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On Friday at 6 p.m., Mario Batali’s Eataly opens its first West Coast outpost in Los Angeles at Westfield’s Century City Mall with restaurants, grab-and-eat snacks and a marketplace of fresh produce, meats, fish and cheeses to cook at home.
The three-story, 60,000 square-foot space features a Lavazza espresso bar where you can enjoy a breakfast Bicerin espresso and chocolate drink and a brioche, La Scuola cooking school and events space where budding chefs can learn how to make seaweed fritters the Italian way, a gelato stand serving up frozen goodness made with Marin County-based Straus Dairy milk and a cheese counter where you can watch Di Stefano mozzarella being hand-stretched.
“Amazon didn’t buy this because we can’t ship it by drone to your house,” quipped Batali, referring to the online retailer’s acquisition of Whole Foods while leading a pre-opening tour of the space. “This has to be experienced to be enjoyed.”
There are four restaurants with sweeping views of the hills, including La Pizza & La Pasta for al dente pasta “lightly dressed” with sauce and Neopolitan-style pizza made by Rossopomodoro-trained chefs; La Piazza, dedicated to Italian street food and sharable plates; the third-floor Terra, opening this winter; and Il Pesce seafood restaurant by Providence chef Michael Cimarusti and partner Donato Poto.
More casual eateries offer Roman-style pizza that’s been cooked in the oven on long boards, salads and sandwiches. In the marketplace, you can buy truffles from Alba, gluten-free pasta to cook at home, locally produced and Italian-produced delicacies.
Eataly was founded in 2007 in Turin by Oscar Farinetti and made its entrance into the U.S. market with Batali as a partner in 2010. Los Angeles is the Italian company’s fifth U.S. location and 39th worldwide. Each outpost has a unique format and theme. L.A.’s theme is water, with an emphasis on conservation that is outlined in a wall graphic near the entrance. “When I think of drought, I think of California being one of the most affected places,” Batali says. “We’re going to take all the water that would be considered non-potable that’s been run through our kitchens and sinks in the bathrooms and treat it and clean it and use it another time, saving 33 percent of water we use every day.”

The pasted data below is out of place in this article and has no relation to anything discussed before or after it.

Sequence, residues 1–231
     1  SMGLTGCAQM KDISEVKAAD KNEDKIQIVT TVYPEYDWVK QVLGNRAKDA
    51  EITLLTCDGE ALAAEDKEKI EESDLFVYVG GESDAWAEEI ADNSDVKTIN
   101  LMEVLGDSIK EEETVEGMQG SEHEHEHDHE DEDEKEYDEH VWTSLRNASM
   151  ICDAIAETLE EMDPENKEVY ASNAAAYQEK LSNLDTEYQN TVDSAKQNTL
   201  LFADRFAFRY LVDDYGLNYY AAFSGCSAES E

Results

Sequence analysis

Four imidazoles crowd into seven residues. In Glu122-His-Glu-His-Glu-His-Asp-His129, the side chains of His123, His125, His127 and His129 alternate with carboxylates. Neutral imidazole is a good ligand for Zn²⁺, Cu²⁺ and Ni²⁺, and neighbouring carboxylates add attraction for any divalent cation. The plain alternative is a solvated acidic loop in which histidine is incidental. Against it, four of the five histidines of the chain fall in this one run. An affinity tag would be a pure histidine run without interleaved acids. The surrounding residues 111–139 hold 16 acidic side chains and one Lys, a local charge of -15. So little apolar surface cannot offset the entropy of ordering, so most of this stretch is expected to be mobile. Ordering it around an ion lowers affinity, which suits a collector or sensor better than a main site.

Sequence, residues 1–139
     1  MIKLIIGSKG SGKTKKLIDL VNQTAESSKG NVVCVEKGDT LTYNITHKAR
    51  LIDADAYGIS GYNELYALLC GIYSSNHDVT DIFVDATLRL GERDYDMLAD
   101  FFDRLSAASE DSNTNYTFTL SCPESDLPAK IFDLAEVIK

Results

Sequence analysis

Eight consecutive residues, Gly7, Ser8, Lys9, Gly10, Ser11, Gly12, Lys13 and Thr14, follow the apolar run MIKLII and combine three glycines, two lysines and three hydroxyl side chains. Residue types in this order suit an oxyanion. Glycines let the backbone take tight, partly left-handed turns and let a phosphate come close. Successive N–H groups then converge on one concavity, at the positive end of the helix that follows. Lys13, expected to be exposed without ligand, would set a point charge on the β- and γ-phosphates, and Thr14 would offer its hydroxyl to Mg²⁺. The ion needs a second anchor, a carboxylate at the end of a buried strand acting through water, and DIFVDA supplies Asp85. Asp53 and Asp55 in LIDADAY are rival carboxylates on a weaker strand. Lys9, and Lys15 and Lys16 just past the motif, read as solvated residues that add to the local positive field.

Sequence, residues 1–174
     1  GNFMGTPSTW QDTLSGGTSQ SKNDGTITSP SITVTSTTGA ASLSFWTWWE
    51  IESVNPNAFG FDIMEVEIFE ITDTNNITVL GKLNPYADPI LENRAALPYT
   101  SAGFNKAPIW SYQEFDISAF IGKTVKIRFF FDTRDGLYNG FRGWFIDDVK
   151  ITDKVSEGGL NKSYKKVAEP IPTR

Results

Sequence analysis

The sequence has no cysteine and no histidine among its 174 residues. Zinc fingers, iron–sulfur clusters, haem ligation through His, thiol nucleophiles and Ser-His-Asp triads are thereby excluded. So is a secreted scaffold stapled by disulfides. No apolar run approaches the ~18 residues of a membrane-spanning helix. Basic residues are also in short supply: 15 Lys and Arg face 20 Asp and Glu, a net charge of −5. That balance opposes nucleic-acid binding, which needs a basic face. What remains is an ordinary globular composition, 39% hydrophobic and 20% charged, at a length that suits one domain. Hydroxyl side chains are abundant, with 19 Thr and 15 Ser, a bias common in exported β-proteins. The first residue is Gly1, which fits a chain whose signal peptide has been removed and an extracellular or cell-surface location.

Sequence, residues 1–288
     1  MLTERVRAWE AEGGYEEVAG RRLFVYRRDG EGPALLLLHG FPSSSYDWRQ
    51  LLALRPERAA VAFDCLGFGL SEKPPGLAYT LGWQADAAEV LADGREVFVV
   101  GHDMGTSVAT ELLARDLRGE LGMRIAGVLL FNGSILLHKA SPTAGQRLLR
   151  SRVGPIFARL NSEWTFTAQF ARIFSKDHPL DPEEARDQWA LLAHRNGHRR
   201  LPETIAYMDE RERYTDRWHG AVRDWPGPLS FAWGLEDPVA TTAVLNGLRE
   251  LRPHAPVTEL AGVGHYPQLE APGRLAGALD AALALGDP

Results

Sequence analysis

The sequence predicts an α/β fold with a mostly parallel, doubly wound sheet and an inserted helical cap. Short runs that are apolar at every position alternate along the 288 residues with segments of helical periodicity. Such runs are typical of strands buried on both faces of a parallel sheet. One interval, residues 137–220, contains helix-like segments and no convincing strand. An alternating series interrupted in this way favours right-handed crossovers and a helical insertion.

Each outpost also has unique culinary offerings, of course. Here are 5 only-in-L.A. things to try — and not all of them are diet-blowing.
The L.A. location is the only Eataly where you can try this unique flatbread imported from Tuscan bakery Wow Panigacci di Podenza. Resembling pita bread, only flatter, crispier and laced with olive oil (they are made from flour and salt using clay tiles), it can be a base for sandwich fillings both savory (mortadella, pesto, veggies, cheese) and sweet (Nutella). “It’s here and only here,” says Batali.
2) Olive oil bar
Just like a beer growler station, Eataly L.A.’s extra virgin olive oil bar offers a selection of made-in-Italy (and soon made-in-California) liquid gold that you can pour yourself from copper vats into refillable bottles.
3) Salad bar from Rose Café’s Jason Neroni
“Every time we open in a new city, we want to get as much from the local community as we can. We are rotating different chefs through the salad bar and the first one is Jason Neroni from Rose Café,” Batali says of the counter featuring local seasonal ingredients including persimmons, golden beets, pistachios and burrata that can be mixed into the salad of your dreams.
4) California wines
For the first time, Eataly is stocking California-made varietals alongside Italian wines (more than 1,200 labels in total). If you want, you can buy a bottle in the shop and drink it at any of the restaurants on site for a small corkage fee.
5) Gluten-Free Sweet Laurel treats
“You can come in here and be dairy-free, wheat-free, vegan, we can accommodate every single diet there is,” says Batali. To wit, the retail store features more than 2,000 products, 20 percent of them locally made, and several of them gluten-free, Paleo-friendly and more to cater to Angeleno’s unique dietary tastes, including Sweet Laurel Bakery’s divine organic, gluten-free and Paleo chocolate caramel cake made in L.A.
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